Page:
Fiscally, it’s not highly gratifying to be a member of the Peace Corps. The organization, created by President Kennedy in 1961, was born out of Kennedy’s desire to harness the energy of newly-minted college graduates in order to give something to those far worse off than ourselves. For many of those who join the Peace Corps, the service likely represents the ultimate good-feeling, soft-power approach to world improvement.

Yet, in a recent New York Times op-ed, Robert Strauss, a former member of the Peace Corps, blasted the service organization for not putting stringent standards on those people it accepts. Ultimately, he argues, the service is filled with college graduates who, albeit having good intentions, don’t know what they’re doing and don’t contribute anything necessary.

We, the youth, are seen in that same way in a plethora of life’s other areas. It is exemplified in “Life in the Emerald City,” a book about Iraq’s Green Zone that includes tales of young graduates who think they know how to fix Iraq. It is exemplified in law firms, where young hotshot law grads think life is more “Boston Legal” than “The Practice,” (as the New York Times once put it). It is even exemplified in “In Good Company,” wherein young Topher Grace replaces old Dennis Quaid (Scarlett Johannson also stars as eye candy). All examples come complete with youth’s wide-eyed idealism.

The old think of the young as a bunch of egotistical, unrealistic brats who don’t know anything or give a damn about bothering to learn. They wonder who the hell we think we are and where we get the gall to be that way. Frankly, I won’t deny our apparent state.

We, the youth, have earned that impudence, however, merely by tolerating the scores of mistakes our elders make.

Look at what the old, in all their “experience,” have wrought at the highest levels: a miserable healthcare system that continues to worsen, an arguably broken Social Security system that will leave nothing to us (though we still pay into it), little meaningful, helpful legislation from our Congress, a ruined planet, insatiable debt born out of a perfect failure of a war (that the youth fight), worldwide ridicule and a business culture lacking any sign of empathy and ethics.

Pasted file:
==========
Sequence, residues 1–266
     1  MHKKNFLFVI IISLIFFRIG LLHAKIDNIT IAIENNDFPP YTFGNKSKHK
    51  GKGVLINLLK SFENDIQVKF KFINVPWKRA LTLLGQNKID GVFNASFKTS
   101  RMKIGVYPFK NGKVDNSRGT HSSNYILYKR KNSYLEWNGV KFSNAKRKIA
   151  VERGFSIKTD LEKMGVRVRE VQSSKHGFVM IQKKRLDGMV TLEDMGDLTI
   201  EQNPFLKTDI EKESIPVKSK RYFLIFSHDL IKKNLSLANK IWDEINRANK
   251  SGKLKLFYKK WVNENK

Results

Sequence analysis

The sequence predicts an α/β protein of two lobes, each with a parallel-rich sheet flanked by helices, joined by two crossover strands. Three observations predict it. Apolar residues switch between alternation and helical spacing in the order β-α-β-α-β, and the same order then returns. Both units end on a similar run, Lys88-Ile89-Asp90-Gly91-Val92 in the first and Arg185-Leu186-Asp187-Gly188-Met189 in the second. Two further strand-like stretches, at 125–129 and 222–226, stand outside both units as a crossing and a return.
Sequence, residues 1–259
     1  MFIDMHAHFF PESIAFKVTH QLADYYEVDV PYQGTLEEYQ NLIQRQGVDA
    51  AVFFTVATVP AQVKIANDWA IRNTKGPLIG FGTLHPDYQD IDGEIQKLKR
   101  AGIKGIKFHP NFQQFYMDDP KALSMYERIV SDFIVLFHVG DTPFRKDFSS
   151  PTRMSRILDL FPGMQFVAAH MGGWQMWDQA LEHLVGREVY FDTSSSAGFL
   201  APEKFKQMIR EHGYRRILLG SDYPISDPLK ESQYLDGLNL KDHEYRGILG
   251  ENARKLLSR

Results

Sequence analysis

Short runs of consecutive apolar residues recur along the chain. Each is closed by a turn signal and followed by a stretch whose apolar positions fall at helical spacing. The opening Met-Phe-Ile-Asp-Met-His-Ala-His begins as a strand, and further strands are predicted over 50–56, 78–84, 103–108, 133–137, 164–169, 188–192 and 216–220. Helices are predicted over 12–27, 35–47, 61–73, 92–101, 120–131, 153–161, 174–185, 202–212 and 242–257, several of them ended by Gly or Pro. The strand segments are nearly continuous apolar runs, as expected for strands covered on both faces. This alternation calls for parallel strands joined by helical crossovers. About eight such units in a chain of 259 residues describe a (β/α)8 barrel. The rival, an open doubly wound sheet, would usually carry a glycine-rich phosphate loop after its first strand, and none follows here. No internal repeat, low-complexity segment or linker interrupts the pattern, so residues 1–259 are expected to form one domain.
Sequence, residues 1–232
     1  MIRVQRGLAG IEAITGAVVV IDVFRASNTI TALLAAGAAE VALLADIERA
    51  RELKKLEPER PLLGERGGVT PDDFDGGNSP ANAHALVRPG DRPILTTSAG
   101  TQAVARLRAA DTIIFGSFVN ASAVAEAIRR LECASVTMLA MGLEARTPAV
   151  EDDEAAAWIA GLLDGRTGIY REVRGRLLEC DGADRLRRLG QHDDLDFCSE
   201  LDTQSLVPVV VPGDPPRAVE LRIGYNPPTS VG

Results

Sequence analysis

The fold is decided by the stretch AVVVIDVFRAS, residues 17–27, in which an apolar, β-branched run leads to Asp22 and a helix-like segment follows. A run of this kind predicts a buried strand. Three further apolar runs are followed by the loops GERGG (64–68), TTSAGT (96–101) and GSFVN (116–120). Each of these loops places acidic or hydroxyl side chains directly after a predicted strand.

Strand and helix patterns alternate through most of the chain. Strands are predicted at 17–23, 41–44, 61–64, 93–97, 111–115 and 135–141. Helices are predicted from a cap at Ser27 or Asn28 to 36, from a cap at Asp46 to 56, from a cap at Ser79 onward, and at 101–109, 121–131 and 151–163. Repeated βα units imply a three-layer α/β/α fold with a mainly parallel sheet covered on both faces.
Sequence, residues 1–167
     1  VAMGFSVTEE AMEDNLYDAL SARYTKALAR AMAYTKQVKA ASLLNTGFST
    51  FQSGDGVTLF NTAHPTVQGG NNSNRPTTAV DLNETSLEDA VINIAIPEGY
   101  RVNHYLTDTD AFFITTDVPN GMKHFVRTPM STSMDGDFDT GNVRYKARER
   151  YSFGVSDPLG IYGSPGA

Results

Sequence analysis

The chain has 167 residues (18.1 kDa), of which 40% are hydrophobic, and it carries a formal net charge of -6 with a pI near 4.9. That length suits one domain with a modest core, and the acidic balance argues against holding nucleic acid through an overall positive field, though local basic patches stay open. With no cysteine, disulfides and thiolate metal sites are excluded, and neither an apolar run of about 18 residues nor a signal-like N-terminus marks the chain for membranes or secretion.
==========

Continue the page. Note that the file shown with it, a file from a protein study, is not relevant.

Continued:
Even our University administration causes pain; parking officers ticket us for stopping to use the ATM. We can’t even have a drink without being derided as horrible individuals.

Without doubt, many of those problems apply to our entire country. But then adults, who complain so vocally, keep voting for the same damn people who make those mistakes. They vote for the religious right. Or Ted Stevens. Or, as New Hampshire and Nevada so lamely did, Hillary Clinton (she sat on the board of Wal-Mart – how do you not see the problem with that?).

We, the youth, have amassed a frustration that has now found its personification: Senator Barack Obama, presidential candidate and the last hope to assuage the fears of the young. Here is a human being (an adult), who gets it, who understands that having a resum thicker than our president’s head does not reflect a quality performance. And if he fails, I fear it will result in nothing less than cementing the apathy of the young, who have, for once, actively rallied around a candidate.

You want experience, adults? Look at your experience! Look at our miserable state and marvel at what your experience has forced upon it!

If this were France, we’d have had a revolution by now.

Brenneman is a member of the class of 2009.



“Destroyed by mouth sounds:” a cappella demolition

His basic game plan: attract attention with a high D and wrist flourish to distract passerby, while the demolition team’s other members bulldoze campus property with equipment rescued from that one Elmwood Avenue construction site.

Looking towards Starbucks for my gender

I am genderfluid. On days when Emmely becomes an ill-fitting hat, Starbucks is there to save the day.

Life is pay to win. College? The giant paywall

For a game that preaches freedom of choice, there are an awful lot of decisions essentially made for us. Exhibit A: the decision to play at all.